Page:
EMPOWERMENT

Stanbic driving financial inclusion through DADA initiative

The initiative targets women in businesses and self help groups

In Summary
  • The women banking unit at Stanbic bank is known as the DADA initiative which loosely translates to Dare to Aspire, Dare to Achieve.
  • The platform provides financial and non-financial services to enable women to start & grow a business while also supporting personal growth.
Rose Gichuki, Lead, Women Banking at Stanbic bank
Rose Gichuki, Lead, Women Banking at Stanbic bank
Image: HANDOUT

At the helm of Stanbic bank' s women banking unit seats Rose Gichuki, a jovial lady who believes in helping women achieve their dreams.

Gichuki believes that when a woman grows the community benefits as women are known to nurture.

The women banking unit at Stanbic bank is known as DADA initiative which loosely translates to Dare to Aspire, Dare to Achieve, dada is also a swahili word that means sister.

The platform provides financial and non-financial services to enable women to start & grow a business while also supporting personal growth.

They target women in businesses and self help groups commonly knowns as chamas.

Gichuki says the bank saw the need to start this initiative as it was noted that women find it hard to access credit and most of them are largely unbanked.

“The bank serves everybody, we welcome all, but this specific initiative was to empower the woman in the community,”said Gichuki.

The main objective of the proposition is to let women know where they can access loans and also grow as a person.

Gichuki noted some challenges that women faced in accessing credit include fear of debt and lacking proper financials.

Their main aim in giving credit is for it to be a a catalytic fund/capital.

Catalytic capital is an essential tool that supports impact-driven enterprises and organizations that lack access to capital on suitable terms through the conventional marketplace.

The investment capital is risk-tolerant, concessionary, and flexible

In the last 28 months, the initiative regeisterd over 30,000 women and they have lent over Sh4billion.

PERFORMANCE

On bad loans, Gichuki noted that women are good borrowers.

In the initiative they only have 3 per cent non-performing loans.

The initiative also helps women in networking and access to markets.

“We have members from all walks of life therefore you can find a member who grows mangoes meeting with another member who exports fruits and they are able to network and work together,” said Gichuki.

Gichuki called on more women to join the initiative as it provide an opportunity to drive growth.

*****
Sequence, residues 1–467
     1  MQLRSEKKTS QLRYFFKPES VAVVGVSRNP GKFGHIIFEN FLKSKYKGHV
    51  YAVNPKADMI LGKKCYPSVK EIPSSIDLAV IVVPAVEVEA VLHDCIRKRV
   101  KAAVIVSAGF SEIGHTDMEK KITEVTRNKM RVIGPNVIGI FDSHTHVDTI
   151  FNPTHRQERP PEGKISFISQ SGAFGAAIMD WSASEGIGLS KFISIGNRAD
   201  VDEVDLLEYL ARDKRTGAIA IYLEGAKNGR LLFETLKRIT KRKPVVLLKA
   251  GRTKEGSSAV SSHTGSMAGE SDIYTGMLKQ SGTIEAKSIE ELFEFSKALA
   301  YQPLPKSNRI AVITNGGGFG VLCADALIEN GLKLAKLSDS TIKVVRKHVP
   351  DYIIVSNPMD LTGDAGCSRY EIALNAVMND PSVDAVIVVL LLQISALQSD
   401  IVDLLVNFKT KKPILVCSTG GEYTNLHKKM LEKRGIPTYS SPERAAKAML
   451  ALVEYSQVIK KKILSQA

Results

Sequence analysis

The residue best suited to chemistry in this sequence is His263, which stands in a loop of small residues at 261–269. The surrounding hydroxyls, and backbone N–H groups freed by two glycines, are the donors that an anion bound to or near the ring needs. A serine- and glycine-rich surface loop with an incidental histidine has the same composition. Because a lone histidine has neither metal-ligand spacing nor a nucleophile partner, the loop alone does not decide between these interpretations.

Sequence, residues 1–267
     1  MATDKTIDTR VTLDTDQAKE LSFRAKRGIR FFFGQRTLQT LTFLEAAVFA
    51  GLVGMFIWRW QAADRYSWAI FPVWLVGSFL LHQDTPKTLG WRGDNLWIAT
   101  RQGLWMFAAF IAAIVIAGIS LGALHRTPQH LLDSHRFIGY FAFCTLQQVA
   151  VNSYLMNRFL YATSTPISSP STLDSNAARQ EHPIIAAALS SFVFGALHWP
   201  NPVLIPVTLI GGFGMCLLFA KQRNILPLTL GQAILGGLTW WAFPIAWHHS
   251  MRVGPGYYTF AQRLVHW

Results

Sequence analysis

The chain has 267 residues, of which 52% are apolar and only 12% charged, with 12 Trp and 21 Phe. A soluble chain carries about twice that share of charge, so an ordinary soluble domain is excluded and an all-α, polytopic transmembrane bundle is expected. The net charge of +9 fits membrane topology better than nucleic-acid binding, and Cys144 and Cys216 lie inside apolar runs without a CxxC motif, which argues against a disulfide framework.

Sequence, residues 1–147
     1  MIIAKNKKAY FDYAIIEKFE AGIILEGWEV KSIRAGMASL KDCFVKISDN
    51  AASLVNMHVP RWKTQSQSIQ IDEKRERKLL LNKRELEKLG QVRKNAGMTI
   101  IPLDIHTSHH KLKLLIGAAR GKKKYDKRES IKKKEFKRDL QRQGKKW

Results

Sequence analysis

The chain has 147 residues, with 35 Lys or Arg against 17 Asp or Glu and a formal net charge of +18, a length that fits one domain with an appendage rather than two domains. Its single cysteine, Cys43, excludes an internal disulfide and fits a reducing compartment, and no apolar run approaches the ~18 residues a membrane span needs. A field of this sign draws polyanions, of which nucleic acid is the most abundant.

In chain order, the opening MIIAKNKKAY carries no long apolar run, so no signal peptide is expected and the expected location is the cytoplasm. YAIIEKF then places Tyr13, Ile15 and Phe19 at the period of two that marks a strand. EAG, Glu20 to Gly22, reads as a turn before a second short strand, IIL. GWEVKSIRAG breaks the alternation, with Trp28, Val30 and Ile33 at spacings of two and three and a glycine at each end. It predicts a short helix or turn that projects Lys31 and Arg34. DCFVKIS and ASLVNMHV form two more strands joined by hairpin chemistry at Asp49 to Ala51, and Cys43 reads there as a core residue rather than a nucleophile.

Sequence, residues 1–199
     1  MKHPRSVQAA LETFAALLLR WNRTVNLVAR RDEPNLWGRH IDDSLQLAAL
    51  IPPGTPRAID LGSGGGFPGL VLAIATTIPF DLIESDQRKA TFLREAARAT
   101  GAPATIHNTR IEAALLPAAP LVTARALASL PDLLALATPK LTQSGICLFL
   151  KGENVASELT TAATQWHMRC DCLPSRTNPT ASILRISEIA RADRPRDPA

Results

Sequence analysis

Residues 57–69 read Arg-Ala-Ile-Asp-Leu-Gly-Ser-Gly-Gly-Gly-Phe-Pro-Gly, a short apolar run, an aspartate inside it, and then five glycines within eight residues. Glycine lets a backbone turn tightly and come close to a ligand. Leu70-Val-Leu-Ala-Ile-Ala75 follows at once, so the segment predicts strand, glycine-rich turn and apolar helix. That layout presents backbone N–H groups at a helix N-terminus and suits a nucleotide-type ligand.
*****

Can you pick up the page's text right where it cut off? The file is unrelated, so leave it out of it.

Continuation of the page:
CHALLENGES

According to a survey done by Financial Sector Deepening Kenya(FSD Kenya), women have fewer and lower value assets meaning their assets are also more liquid and under more household consumption pressure.

The survey notes that women dominate informal business ownership in Kenya, meaning they were more likely to take a wealth hit during Covid-19 .

The highly informalness in their economic activity therefore locks them into lower paying and lower productivity activities.

According to the survey, out of 770,000 informal enterprises ,65 per cent are owned by women, 29 per cent were owned by men while the remaining six per cent are owned by both women and men.

“We continue to see the gendered impact of Covid-19 with economic pressure leading women to sell assets, forgo meals and work more to generate income,” the survey noted.

In the wake of the Covid-19 pandemic, which has caused significant economic setbacks globally, the report highlights that financial institutions have an important role to play in advancing outcomes for women-led MSMEs.

The research also finds that supporting women customers drives institutional profits, which can lead to positive steps toward overall economic recovery.

Another research done by FSD Kenya, in 2017, revealed that there was a 30 percent gap in financing between men and women-owned businesses.

“Women-owned MSMEs are ‘thin file,’ meaning they have limited formalized business documentation or credit history on which to lend,” the survey noted.

The research assessed the impact of an effort to change this imbalance.

The main point of concern was that trust and confidence are critical for women when it comes to finance, in particular, older and lower-income groups.

Another finding was that with majority of businesses owned by women being informal thus outside the tax net they cannot benefit from tax incentives.According to the International Finance Corporation(IFC), more than 20 percent of working-age women in Sub-Saharan Africa are entrepreneurs; however this segment, in particular, finds it hard to access finance, with a $1.7 trillion financing gap for women-owned SMEs worldwide.

The DADA initiative comes in here as it helps women learn the importance of formalizing their business but still they allow women to get unsecured loans (without papers).

Despite a large number of the women's businesses being informal, Central Bank of Kenya data shows that women currently account for at least 82 percent of total savings in Kenya.